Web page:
The Premiers of both Nunavut and Newfoundland and Labrador have called on the federal government to ban the use of the traditional hakapik, or spiked club, for killing seals. They have long argued that the use of the hakapik presents a barbaric image and should be discouraged.
The new rules actually state that: "No person shall use a club or a hakapik to strike a seal older than one year unless the seal has been shot with a firearm.
But less than one per cent of the annual hunt involves seals older than one year.
A hakapik or club is used primarily to crush the skulls before seals are bled and skinned. Under the new rules, an existing provision called a "blink test" - used to check whether seals are permanently unconscious before skinning - is being eliminated because it is considered unreliable. The only acceptable test will be feeling the seal's cranium to make sure it is broken.
The new rule calls for the sealers to bleed the seal for a full minute before skinning. The regulations acknowledge that this will result in significantly increased costs to sealers by "reducing the speed of the harvest."
But with the European Parliament and its 27 member countries poised to stop all imports of seal products as early as March, the government felt a regulatory gesture was needed according to the Canadian Press.
And that is all it is - a gesture.
The European Union has proposed a ban on seal products from countries that "practice cruel methods" -- that could include bludgeoning seals with a hakapik.
To ensure sealers follow the guidelines in 2009, the DFO says it would use helicopter-mounted cameras to film the hunt. Actual enforcement would be carried out by coast guard officials aboard icebreaker vessels.
What is lost in all of this controversy over cruelty is the fact that the seal slaughter is doing irreparable damage to the marine eco-system of the Northwestern Atlantic Ocean. Seal populations have been reduced to fewer than 10% of their original numbers. The East coast walrus has been extirpated. The Sea Mink, the Labrador duck and the Auk are now extinct. Bird and other marine mammal populations have been decimated. In the five hundred years that this slaughter of so many species has been occurring the ecology of the region had declined and now all the fisheries are in a state of collapse.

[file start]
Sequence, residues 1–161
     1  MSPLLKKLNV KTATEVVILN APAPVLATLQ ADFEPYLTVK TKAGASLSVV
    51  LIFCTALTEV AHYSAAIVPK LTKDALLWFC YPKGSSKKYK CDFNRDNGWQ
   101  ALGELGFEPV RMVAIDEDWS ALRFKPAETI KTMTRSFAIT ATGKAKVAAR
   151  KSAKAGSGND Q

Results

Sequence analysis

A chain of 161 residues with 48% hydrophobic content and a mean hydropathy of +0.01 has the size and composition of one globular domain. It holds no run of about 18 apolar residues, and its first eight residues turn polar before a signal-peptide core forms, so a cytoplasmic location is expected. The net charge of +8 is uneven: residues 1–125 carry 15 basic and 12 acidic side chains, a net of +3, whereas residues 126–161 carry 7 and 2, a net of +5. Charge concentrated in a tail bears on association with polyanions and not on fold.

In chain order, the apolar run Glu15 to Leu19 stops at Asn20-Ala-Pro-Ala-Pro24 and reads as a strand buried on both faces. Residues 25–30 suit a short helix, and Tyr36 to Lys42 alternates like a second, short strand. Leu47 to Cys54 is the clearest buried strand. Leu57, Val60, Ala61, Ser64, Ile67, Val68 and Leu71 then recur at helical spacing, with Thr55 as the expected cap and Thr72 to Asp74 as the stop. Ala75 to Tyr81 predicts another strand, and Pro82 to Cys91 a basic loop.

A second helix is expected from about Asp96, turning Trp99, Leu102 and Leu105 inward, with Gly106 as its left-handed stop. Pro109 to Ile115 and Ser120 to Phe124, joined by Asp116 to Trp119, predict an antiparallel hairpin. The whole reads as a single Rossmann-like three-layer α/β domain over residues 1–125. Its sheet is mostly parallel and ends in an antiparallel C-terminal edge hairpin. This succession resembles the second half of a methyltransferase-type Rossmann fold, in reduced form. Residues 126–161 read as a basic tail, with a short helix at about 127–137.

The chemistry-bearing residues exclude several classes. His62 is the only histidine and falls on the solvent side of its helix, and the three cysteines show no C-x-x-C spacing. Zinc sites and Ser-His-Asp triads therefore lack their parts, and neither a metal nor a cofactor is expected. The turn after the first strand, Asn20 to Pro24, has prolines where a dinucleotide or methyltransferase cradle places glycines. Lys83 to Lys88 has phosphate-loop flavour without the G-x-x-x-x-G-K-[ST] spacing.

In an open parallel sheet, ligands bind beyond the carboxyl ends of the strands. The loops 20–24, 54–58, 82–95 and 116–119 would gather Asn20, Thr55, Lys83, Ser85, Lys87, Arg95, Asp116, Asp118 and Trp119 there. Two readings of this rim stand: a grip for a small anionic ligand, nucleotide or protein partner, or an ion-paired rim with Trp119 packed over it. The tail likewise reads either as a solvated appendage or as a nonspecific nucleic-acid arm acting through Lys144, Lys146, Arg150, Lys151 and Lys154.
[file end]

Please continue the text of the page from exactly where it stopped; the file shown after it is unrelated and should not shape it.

"The Department of Fisheries and Oceans, as the most incompetent and destructive bureaucracy in Canada, has overseen the near total destruction of everything it was set up to manage and protect. They have destroyed the cod, the herring, the salmon, the whales and now they are intent on scape-goating the seals for their blunders by destroying them also,"said Captain Paul Watson. "Gail Shea is as much of an ecological idiot as those clowns Hearn, Efford, Crosby, and LeBlanc. It's been nothing but decades of ecological maniacs on a killing spree, and Shea is showing that she can be as ruthless and as mercenary as any of the male thugs who came before her."
The Sea Shepherd Conservation Society will not be returning to the seal slaughter this spring.
"We intend to give the European Parliament the opportunity to end this atrocity through the implementation of a ban on all seal products."
Last year the Sea Shepherd ship Farley Mowat was assaulted in international waters and two crewmembers, Captain Alex Cornelissen of the Netherlands and 1st Officer Peter Hammarstedt of Sweden were charged with approaching closer than a half a mile to a seal being slaughtered. The witnessing or documentation of a seal kill is considered a crime in Canada under the strange Orwellian name of the Seal Protection Regulations.
The Canadian government still holds the Farley Mowat hostage although no charges have been laid against the ship and the two Sea Shepherd officers are scheduled to be tried in a Nova Scotia court in April 2009.